As a farmer in the Golden Triangle of Montana, Rich raises dryland crops for a living. Which means that if there is no rain; there’s no crop. It was the rainless years that “jump-started” his creativity.
After a couple successful years routing and designing redwood signs in his spare time, he bought a used lathe and began turning for fun. Before long he discovered that he loved the lathe work and was soon piecing together bowls and other items.
It is the creation of the designs and choosing the appropriate wood that is his passion. A self-taught wood-turner, Rich has been turning bowls for about thirty five years. Turning the wood is a small part of the creative process.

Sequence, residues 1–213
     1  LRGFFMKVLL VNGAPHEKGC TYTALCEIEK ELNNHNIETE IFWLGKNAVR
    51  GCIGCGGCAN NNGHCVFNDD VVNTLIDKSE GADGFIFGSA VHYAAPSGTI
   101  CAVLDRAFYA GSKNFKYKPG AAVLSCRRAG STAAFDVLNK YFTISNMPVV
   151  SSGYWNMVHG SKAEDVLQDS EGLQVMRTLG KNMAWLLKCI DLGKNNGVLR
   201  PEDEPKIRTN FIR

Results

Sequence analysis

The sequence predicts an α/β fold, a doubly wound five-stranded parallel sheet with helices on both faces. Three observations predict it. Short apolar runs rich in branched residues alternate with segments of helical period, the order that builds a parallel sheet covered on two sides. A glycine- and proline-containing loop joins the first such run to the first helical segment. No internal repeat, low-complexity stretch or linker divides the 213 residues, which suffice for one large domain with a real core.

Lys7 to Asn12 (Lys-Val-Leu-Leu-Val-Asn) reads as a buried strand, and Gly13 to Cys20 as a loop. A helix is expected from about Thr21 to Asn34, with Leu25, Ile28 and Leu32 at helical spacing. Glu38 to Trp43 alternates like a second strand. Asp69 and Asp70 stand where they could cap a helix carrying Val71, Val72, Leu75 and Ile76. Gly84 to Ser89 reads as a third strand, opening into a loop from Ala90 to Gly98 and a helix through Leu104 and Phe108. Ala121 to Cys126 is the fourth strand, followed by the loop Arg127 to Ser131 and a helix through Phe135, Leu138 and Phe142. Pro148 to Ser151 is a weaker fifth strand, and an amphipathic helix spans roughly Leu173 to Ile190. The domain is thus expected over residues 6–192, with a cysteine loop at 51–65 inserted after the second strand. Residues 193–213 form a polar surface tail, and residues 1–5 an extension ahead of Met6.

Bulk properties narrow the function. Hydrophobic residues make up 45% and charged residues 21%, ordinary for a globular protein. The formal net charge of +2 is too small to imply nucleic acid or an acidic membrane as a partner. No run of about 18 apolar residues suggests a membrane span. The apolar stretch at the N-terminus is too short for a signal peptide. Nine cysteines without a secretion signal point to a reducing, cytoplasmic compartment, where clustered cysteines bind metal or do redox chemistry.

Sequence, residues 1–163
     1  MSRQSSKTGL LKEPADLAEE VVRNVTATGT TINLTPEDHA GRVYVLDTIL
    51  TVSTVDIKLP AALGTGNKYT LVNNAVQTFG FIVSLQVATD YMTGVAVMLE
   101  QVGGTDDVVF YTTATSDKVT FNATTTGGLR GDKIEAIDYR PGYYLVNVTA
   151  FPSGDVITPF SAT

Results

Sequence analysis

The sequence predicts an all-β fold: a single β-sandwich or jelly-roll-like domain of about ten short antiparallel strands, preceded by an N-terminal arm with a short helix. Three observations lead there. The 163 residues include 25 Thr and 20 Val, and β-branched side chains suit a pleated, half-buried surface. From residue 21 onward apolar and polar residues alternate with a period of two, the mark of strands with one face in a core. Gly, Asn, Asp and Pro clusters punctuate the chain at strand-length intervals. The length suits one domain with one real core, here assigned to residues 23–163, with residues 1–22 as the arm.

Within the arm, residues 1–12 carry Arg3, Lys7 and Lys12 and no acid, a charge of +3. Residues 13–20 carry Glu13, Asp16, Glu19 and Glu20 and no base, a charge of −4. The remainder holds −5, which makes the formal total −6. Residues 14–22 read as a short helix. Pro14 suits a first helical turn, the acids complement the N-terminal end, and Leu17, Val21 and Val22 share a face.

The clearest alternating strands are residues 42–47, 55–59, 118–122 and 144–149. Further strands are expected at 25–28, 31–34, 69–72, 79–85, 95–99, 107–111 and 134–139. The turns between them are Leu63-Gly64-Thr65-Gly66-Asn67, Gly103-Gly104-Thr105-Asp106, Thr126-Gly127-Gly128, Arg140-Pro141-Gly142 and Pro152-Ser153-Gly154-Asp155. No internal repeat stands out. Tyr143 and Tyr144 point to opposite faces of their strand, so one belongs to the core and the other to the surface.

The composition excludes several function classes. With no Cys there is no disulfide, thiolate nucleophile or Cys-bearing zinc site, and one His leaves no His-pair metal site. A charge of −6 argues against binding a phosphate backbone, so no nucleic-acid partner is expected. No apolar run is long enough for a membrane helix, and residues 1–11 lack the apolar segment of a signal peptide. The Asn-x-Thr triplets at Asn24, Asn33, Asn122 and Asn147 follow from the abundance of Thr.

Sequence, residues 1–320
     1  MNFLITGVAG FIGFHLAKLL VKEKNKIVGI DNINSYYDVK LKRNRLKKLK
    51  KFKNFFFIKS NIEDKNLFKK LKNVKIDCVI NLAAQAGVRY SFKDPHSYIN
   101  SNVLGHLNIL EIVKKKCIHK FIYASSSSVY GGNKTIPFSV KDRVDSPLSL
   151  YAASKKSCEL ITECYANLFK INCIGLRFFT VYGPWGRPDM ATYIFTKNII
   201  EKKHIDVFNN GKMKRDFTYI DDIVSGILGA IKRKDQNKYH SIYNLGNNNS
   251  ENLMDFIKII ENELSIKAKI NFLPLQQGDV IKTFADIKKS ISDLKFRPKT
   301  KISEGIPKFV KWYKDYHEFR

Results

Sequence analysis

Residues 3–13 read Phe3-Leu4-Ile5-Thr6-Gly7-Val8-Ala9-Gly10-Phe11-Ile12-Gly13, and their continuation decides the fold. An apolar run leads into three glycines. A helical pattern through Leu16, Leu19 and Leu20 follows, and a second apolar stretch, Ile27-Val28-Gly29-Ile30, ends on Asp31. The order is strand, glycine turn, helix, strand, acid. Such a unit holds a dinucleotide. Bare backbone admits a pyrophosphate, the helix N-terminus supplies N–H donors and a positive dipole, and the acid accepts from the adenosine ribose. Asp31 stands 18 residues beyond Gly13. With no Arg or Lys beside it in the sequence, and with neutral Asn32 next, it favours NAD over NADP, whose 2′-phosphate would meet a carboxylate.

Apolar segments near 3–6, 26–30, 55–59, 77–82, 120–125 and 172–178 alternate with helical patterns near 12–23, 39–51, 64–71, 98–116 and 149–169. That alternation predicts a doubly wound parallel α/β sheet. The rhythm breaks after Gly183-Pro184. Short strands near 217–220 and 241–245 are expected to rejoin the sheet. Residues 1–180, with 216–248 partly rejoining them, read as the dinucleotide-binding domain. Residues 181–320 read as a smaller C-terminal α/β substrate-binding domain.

At first glance, some of his designs look like woven baskets. Closer inspection reveals thousands of little pieces of wood arranged and glued in beautiful patterns. In those pieces, colors and textures are all natural; nothing is dyed or painted. More recently he has begun to use ink to add color to his work.
Rich was one of the first four inducted into the Montana Circle of American Masters (MCAM) in visual folk and traditional arts in 2009. One of his pieces is in the Montana State Fair permanent collection.
His artwork has been juried into the Russell art auction since 2016.
He was the featured artist at the Havre Art Show and has been a featured artist at several gallery showings.
His work was given as a gift to a Japanese delegation from the state of Montana.
The state of Montana sent him to Kentucky as an artist representing Montana art.
His artwork is found in homes all over the United States as well as in several foreign countries including South Africa, Thailand, Russia, Germany, Sweden, England, France, Japan, and Canada.